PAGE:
Why confidentiality?

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By David French

This post is about why it is appropriate to limit disclosures of new technology under confidentiality agreements or understandings. This applies to “confidentiality agreements,” and “nondisclosure agreements – NDAs,” which are essentially the same thing.

Everyone has heard about confidential disclosures and everyone knows something about them. I’ll attempt to consolidate many important issues and clarify others.

Universal right to copy

Inventors usually want to eventually profit from their inventions. They don’t want their ideas “stolen” by others. Unfortunately, the background principle of the law is that anybody is entitled to copy anything, unless there is a legal right in place that limits the right to copy. This principle is at the root of the market economy. Generally, legal rights over copying are known as “intellectual property.” Intellectual property (IP) focuses on patents, trademarks, copyright, designs, secrets and a few other secondary subjects.  In every case, IP represents an exception to the general freedom of people to copy from any source in the world.  Patents are a primary type of intellectual property.

Usurpation of patent rights by others

Inventors often say they are afraid that if they disclose their idea to someone else, then that other person will file for a patent. That is not possible, not in the sense that the other person will obtain a valid patent. Patents, to be valid, must originate from an inventor. They must be filed either by an inventor or by a person who has received an assignment of the right to file for a patent from an inventor. A person who overhears an idea is not entitled to file an application and expect to obtain a valid patent.

Inventors will then say: “What if somebody cheats?”  Well, that’s possible, but even if the patent were to issue in error, then in such a case during Court proceedings to enforce it the defendant would be entitled to explore the source of the idea in depth and, in Court proceedings, truth will generally come out.

Therefore the fear that someone else will file for your own idea should not be a significant concern for inventors who want to preserve the rights in their inventions for themselves.

Patent novelty requirements

On the other hand, most patent laws around the world, (Canada, the U.S. and a few other countries being exceptions), will refuse a patent to an inventor who has already caused his invention to become “available to the public.”  Virtually all of the countries in Europe have this policy: patents are only issued in return for the disclosure of a secret.  In these countries, if the idea of an invention has already been disclosed publicly, then the idea cannot be subsequently patented by anyone. Even if the source of the disclosure was an actual inventor who is now filing to obtain a patent, in Europe it’s too late. (The European Patent Treaty has a very narrow six-month exception that looks like a grace period; don’t trust it!)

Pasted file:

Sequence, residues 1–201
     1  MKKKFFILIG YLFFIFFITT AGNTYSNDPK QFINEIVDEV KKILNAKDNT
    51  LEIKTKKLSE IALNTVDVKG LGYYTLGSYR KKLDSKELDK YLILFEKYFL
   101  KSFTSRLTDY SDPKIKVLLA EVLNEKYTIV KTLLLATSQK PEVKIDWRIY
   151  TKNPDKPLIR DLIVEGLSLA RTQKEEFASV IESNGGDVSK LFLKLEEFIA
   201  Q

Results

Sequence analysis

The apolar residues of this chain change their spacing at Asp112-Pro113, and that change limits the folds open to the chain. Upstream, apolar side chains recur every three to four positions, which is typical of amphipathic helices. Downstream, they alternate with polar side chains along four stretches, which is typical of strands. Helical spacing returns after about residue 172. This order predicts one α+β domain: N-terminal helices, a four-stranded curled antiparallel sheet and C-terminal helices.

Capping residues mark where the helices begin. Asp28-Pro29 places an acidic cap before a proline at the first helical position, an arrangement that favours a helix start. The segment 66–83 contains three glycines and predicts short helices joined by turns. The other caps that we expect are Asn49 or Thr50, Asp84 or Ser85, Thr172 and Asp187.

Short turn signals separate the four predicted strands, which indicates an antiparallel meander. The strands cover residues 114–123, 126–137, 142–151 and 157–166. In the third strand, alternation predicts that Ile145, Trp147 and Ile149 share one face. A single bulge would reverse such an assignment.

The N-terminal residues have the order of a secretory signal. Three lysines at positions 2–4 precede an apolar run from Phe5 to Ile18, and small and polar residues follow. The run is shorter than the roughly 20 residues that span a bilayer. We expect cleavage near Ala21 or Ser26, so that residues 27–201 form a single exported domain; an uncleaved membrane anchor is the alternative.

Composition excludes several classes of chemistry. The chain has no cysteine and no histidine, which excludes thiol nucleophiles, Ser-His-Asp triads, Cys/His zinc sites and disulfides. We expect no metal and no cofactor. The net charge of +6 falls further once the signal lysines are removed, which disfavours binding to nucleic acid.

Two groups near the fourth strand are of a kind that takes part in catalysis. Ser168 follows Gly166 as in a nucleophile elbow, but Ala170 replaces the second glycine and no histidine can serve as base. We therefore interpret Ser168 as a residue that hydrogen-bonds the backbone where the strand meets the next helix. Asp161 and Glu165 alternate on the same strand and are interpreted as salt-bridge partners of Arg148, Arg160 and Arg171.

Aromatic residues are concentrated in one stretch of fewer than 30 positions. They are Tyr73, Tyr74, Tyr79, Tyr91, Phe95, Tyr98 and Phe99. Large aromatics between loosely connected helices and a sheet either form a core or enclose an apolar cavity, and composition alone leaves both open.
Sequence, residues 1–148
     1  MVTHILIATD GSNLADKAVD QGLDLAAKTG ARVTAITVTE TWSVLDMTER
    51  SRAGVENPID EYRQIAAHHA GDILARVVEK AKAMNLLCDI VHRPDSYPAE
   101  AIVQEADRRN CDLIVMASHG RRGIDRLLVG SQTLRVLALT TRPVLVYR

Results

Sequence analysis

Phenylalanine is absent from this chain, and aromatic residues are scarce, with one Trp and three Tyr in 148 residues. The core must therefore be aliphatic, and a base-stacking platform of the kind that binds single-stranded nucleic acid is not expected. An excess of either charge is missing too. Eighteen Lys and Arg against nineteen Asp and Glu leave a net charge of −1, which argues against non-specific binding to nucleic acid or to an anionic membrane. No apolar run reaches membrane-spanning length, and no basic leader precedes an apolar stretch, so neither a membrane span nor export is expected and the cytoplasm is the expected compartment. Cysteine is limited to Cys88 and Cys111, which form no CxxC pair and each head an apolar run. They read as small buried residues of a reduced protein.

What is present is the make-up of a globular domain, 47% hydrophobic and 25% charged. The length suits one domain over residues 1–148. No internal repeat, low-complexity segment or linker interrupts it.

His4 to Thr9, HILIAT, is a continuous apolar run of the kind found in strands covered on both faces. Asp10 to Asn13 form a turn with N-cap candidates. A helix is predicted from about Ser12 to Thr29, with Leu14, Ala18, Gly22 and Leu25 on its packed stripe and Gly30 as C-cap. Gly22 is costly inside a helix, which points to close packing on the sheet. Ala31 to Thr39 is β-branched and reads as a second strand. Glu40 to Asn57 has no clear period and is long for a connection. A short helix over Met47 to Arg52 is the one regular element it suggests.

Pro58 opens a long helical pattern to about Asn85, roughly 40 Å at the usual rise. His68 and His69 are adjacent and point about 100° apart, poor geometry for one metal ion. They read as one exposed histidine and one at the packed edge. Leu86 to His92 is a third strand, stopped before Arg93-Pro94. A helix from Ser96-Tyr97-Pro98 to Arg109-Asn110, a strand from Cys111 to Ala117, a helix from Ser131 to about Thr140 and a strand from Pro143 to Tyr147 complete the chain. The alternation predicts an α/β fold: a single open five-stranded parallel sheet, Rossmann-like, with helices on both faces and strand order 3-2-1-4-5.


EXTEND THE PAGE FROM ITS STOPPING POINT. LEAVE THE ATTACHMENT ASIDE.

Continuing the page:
In Canada and the U.S. there is a one-year grace period for an actual inventor, or somebody claiming under him, to file a patent application without being prejudiced by a public disclosure which originated from the same inventor. But beware: this is still a first-to-file system as between strangers. And although it’s called “first-to-file” the new law in the U.S. (since March 16, 2013) imposes “absolute novelty” between strangers.  If someone else discloses your invention publicly before you file, then it’s too late for you to file. So don’t wait; don’t rely on the one-year grace period in Canada and the U.S. if you have made a public disclosure yourself. The grace period is there to protect applicants who, before filing, accidentally disclose their inventions in public or possibly disclose their invention for evaluation or testing. Even then the grace period when available sets an outside limit on how long an inventor may delay after making a public disclosure of his ideas: one year.

On the other hand, if all the disclosures made by an inventor are made in confidence, and if the inventor is willing to run the risk that no one else will either file or publish the same ideas before the inventor initiates a patent filing, then such an inventor may delay indefinitely. This is because a disclosure made in confidence does not cut off the right to file for a patent in Europe, nor does it start the one-year grace period running in Canada and the U.S.

On this basis, it should be clear why it’s desirable to make disclosures in confidence. A disclosure made in confidence does not affect the deadline for filing a patent application. It shields an inventor from creating either an absolute bar to filing for a patent or from starting a deadline running. But what is a disclosure made in confidence?

We will answer this question and several others in Part II next week.

David French is the principal and CEO of Second Counsel Services, which provides guidance for companies that wish to improve their management of Intellectual Property. For more information visit www.SecondCounsel.com.


  • Mervyn Valadares

    June 25, 2013 9:29 am

    Well said, David! I would also add that the disclosing party must assess the risk of delaying filing a patent application against the number of confidential disclosures and his/her level of trust in the receiving party’s willingness to honour the NDA. Inadvertent disclosures are also a risk. It is less problematic to file a patent first rather than to establish a disclosure was made in confidence.

  • Why confidentiality? (Part 3) | Francis Moran & AssociatesFrancis Moran & Associates

    September 18, 2013 10:33 am

    [...] the previous two postings (here and here) on the above topic, we addressed why disclosures relating to inventions, for which patent [...]

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